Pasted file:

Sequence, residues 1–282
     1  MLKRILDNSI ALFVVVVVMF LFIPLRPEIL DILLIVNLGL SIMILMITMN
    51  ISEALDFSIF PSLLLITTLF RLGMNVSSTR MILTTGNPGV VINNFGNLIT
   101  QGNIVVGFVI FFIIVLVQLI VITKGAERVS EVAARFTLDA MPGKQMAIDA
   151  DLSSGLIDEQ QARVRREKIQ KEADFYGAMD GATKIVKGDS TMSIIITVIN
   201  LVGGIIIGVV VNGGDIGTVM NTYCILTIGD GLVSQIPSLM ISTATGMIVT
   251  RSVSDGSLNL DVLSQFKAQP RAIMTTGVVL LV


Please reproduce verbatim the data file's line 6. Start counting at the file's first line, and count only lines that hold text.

   201  LVGGIIIGVV VNGGDIGTVM NTYCILTIGD GLVSQIPSLM ISTATGMIVT